Fashion objects are displayed, stored, and studied differently than other art objects. What are some of the unique challenges of curating a fashion exhibition?
Well, for our upcoming women's sports fashion exhibition–which is currently titled Outdoor Girls: Sporting Fashion, 1800 to 1950s –-it's finding the objects. When I started at the FIDM Museum in 1999, we didn't have much in the way of early sportswear. We had a nice collection of mid-20th-century bathing suits and general day wear that was related to developments in women's emancipation (such as pants), but not much early material. So I took it as a challenge to develop that area of our collection…and it's taken on a life of its own! When the exhibition and catalogue debut in 2019, we will have gathered over 500 individual objects that make-up more than 110 fully accessorized mannequins covering 49 sporting activities. And we will have spent 15 years in development. This is a very unusual opportunity to be able to dedicate so much time to one project…and, of course, keep everything else churning in our office and in the Galleries.
What is the most interesting place you've found an object for the collection?
Humm…I'm always on the hunt and search the Internet into the wee hours, which is where I've found many interesting objects. Lately, it was a c. 1858-62 rain mantle. I do keyword search with specific goals in mind, but somehow always end up chasing tangent threads. This time it was a small photo on Pinterest (remember where everything is curated!!) that jumped out at me. I figured the mantle was in an institutional collection because that is where so many of the often un-traceable images originate. But it turned out that this garment was in a private collection. It is perfect for our Outdoor Girls project and unlike anything I've seen before–in fact, no one I've shown it to has seen another example. So I stared writing letters and finally located the owner through a friend of a friend of a friend. And after a year of negotiations, was able to acquire it for the Museum. Whew!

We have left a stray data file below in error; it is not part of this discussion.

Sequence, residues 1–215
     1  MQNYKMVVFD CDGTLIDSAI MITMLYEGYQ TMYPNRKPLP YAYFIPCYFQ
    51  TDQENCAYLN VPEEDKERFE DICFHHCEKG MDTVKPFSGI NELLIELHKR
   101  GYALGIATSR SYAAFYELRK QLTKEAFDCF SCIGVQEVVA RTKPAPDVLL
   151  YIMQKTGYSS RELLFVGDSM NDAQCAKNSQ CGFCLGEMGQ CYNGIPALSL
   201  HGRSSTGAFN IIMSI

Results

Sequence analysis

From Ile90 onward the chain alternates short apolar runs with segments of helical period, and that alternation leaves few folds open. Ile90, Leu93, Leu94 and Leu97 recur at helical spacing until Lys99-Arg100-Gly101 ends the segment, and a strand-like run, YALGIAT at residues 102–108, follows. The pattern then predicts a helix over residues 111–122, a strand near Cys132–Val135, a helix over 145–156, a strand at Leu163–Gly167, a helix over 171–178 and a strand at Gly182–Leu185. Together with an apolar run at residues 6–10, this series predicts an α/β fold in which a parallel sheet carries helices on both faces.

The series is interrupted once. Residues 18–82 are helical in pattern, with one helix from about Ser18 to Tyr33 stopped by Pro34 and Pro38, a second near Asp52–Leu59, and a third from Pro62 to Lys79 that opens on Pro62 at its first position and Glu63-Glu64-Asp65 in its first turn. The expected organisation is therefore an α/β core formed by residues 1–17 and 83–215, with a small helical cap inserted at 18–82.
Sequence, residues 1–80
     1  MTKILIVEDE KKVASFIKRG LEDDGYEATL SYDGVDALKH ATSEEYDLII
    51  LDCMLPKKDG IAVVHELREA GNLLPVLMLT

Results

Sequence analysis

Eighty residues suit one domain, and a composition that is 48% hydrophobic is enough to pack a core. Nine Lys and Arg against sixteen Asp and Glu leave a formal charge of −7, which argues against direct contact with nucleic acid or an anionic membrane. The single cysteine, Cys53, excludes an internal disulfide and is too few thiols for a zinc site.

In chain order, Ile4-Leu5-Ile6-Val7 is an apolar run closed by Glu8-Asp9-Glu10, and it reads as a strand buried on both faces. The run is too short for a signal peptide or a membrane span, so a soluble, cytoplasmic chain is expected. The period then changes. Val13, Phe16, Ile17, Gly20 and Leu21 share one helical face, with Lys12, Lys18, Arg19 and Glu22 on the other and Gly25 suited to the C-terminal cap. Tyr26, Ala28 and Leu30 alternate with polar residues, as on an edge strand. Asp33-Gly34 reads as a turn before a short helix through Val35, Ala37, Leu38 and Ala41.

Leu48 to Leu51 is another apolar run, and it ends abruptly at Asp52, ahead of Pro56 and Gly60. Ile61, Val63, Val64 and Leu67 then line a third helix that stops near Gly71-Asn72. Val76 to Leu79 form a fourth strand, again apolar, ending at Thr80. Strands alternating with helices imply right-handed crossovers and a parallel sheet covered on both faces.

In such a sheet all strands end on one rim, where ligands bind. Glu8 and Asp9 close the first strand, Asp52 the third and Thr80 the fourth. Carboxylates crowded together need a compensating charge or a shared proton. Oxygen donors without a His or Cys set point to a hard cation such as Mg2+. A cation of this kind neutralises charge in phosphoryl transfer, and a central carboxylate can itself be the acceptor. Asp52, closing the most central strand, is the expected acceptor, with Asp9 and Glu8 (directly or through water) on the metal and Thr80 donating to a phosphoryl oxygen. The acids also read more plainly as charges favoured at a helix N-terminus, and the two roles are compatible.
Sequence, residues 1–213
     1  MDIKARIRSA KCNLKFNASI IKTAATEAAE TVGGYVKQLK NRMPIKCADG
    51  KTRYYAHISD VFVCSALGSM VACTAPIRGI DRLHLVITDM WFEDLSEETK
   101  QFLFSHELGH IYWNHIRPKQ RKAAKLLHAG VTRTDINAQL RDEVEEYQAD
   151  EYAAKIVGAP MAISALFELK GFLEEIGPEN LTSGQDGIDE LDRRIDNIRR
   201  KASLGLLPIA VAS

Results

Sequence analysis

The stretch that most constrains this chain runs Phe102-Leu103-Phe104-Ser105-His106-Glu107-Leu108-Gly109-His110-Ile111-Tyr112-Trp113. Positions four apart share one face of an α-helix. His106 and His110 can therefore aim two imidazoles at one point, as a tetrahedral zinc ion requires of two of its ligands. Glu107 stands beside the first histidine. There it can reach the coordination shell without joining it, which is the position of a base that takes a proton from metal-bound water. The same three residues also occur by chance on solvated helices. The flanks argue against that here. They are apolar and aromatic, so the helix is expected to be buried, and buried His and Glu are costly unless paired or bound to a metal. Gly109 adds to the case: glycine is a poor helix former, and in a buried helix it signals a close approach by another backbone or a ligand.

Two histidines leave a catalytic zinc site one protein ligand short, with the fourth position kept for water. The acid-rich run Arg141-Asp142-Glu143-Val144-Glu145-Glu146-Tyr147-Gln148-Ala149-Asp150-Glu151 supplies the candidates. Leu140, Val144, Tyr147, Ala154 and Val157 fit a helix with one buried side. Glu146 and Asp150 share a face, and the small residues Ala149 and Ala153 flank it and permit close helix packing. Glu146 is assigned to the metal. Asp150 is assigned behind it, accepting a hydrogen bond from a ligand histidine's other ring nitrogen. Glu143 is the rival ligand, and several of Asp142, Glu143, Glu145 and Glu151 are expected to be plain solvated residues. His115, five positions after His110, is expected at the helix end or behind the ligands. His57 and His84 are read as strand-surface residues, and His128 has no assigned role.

Can you describe a few of the changes you've witnessed in the museum field over the years?
The field of fashion history has gotten so much BIGGER! I used to have almost all the publications memorized because not that many came out each year. Exhibitions with catalogues were 3 to 5 years in the making and there were not as many university programs that studied fashion outside of Home Economics. I could generally keep up with what was going on. Now I can't. I have stacks of books at home that I don't have time to get through. I often just read the image captions and select chapters. And who has time to keep up with blogs…except for the FIDM Museum Blog, of course! But, this is a great thing. There is no limit to the ways in which fashion studies can be examined; everyone, everywhere at some point in life puts something onto their body for some reason. Why? That's what fashion historians want to find out, and our opportunities for discussion and display have increased. We're now the fashion!
Why fashion history? What does this subject mean to you?
Everything. I have no choice in the matter. My grandmother on my mother's side of the family loved clothing. My grandfather on my father's side of the family liked anything old. They perfectly came together in me and I've never had to second guess what I wanted to do in life!